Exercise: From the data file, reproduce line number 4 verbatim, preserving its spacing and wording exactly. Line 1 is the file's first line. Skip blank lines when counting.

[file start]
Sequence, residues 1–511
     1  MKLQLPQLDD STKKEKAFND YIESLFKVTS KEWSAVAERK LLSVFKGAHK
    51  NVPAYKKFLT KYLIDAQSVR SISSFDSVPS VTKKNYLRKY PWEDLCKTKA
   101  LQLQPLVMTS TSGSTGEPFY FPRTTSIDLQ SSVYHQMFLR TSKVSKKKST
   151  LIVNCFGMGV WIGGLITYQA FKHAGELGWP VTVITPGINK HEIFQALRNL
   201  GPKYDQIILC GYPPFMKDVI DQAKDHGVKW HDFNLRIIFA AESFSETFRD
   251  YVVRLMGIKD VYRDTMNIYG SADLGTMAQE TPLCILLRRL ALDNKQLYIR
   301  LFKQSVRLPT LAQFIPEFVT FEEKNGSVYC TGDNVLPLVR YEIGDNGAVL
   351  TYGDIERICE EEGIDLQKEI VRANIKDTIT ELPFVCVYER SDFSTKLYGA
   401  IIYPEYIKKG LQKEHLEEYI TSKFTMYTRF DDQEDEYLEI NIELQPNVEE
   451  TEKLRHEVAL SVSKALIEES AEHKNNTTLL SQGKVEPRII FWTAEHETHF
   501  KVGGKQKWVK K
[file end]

   101  LQLQPLVMTS TSGSTGEPFY FPRTTSIDLQ SSVYHQMFLR TSKVSKKKST